This project originated in a high school experience, when I traveled on an overnight train from Paris to Prague, sharing my sleeper compartment with an elderly Polish gentleman who was going back to receive his compensation after surviving the horrors of a Nazi concentration camp. At my request, he shared memories of this experience and also told me about things his family and others had told him about their time in the camp. He was the only survivor in his family. After our conversation, he bade me goodnight and went to sleep soundly.
I was the person who was not able to sleep, realizing that, years ago, there were people traveling on these kinds of nights, possibly on the same track, who would not live until morning. It is only after all these years that I am able to create a project in response to the emotions I experienced that night.
In The Sleeping Project, I examine the differences between "sleeping" and "sleeping with." How do two strangers shape a night together into an open, profound, mutually influential encounter that they know will not be sexual?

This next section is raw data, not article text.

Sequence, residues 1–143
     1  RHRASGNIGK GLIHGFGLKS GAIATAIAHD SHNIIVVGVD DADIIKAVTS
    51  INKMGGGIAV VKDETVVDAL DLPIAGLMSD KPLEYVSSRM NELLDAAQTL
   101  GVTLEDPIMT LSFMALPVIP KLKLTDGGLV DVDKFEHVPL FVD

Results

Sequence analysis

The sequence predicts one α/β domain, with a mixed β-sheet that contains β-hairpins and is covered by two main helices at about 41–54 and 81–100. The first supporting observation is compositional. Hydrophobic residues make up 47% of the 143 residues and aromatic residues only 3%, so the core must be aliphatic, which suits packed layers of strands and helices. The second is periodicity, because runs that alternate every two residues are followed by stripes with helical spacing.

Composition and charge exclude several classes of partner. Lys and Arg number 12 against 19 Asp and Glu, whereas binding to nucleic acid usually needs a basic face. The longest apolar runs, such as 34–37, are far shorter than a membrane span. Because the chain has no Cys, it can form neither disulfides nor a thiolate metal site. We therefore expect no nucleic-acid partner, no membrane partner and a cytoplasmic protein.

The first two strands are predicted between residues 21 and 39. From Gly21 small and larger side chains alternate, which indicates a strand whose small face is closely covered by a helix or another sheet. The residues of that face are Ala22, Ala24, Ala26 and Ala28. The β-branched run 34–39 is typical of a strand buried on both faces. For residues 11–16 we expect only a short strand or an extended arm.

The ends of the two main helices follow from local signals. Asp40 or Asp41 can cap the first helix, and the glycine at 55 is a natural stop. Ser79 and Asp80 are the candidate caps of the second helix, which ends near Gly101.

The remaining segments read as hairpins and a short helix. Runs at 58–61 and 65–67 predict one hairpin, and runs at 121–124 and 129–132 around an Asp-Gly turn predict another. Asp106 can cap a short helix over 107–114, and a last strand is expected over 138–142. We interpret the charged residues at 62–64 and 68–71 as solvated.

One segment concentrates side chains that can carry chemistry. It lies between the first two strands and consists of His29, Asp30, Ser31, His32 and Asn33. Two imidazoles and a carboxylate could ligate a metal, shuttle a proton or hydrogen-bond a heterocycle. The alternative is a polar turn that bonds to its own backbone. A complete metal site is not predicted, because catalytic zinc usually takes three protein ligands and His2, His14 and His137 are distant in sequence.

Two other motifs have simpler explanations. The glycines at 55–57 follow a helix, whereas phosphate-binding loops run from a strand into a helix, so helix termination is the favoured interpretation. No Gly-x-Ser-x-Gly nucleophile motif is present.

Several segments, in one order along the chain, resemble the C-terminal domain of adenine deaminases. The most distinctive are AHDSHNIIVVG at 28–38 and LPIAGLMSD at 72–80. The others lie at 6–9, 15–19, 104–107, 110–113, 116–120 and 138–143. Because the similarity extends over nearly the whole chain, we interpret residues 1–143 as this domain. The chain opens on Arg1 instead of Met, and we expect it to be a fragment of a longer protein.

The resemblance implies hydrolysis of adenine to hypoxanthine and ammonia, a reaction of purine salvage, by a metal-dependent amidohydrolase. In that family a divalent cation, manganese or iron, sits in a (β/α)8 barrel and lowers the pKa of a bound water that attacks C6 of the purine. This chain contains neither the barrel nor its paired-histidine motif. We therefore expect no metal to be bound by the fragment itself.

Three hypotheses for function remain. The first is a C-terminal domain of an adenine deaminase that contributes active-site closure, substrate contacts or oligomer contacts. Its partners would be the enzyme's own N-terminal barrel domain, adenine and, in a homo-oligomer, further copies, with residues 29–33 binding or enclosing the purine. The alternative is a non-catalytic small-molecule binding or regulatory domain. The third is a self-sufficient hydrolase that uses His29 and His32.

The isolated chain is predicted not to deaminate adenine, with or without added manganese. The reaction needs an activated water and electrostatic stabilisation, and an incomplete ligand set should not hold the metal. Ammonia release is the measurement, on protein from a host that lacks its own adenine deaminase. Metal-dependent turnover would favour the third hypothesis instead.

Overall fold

Each night, a participant chosen by lottery is asked to bring objects from the space in which they usually sleep--a clock, a photo--and spend the night with me. Next morning, the participant leaves these objects on the nightstand, along with a tape of the conversation from the previous night. During the remainder of the exhibition, these personal objects and recorded voices provide gallery visitors with clues about the interactions between myself and the anonymous overnight guests, interactions that suggest the range of ways in which individuals experience intimacy and trust when confronted with an unknown other.
2015 Taipei Fine Arts Museum, Taiwan
2000 Lombard-Freid Gallery, New York